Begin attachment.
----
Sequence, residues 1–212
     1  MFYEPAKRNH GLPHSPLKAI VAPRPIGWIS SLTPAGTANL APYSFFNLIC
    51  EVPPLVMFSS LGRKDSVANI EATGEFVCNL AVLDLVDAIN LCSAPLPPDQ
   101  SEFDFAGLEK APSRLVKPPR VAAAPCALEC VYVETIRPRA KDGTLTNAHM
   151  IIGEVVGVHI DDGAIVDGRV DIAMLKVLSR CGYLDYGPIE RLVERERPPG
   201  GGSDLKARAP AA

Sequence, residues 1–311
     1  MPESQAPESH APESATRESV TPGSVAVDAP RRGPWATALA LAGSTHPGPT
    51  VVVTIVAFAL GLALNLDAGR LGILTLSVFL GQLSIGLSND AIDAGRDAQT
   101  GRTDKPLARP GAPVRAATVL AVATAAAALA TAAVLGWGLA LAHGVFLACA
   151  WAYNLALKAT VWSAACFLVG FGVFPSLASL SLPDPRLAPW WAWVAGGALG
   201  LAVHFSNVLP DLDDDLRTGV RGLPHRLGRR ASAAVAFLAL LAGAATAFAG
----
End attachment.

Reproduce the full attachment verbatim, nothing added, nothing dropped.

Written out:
Sequence, residues 1–212
     1  MFYEPAKRNH GLPHSPLKAI VAPRPIGWIS SLTPAGTANL APYSFFNLIC
    51  EVPPLVMFSS LGRKDSVANI EATGEFVCNL AVLDLVDAIN LCSAPLPPDQ
   101  SEFDFAGLEK APSRLVKPPR VAAAPCALEC VYVETIRPRA KDGTLTNAHM
   151  IIGEVVGVHI DDGAIVDGRV DIAMLKVLSR CGYLDYGPIE RLVERERPPG
   201  GGSDLKARAP AA

Sequence, residues 1–311
     1  MPESQAPESH APESATRESV TPGSVAVDAP RRGPWATALA LAGSTHPGPT
    51  VVVTIVAFAL GLALNLDAGR LGILTLSVFL GQLSIGLSND AIDAGRDAQT
   101  GRTDKPLARP GAPVRAATVL AVATAAAALA TAAVLGWGLA LAHGVFLACA
   151  WAYNLALKAT VWSAACFLVG FGVFPSLASL SLPDPRLAPW WAWVAGGALG
   201  LAVHFSNVLP DLDDDLRTGV RGLPHRLGRR ASAAVAFLAL LAGAATAFAG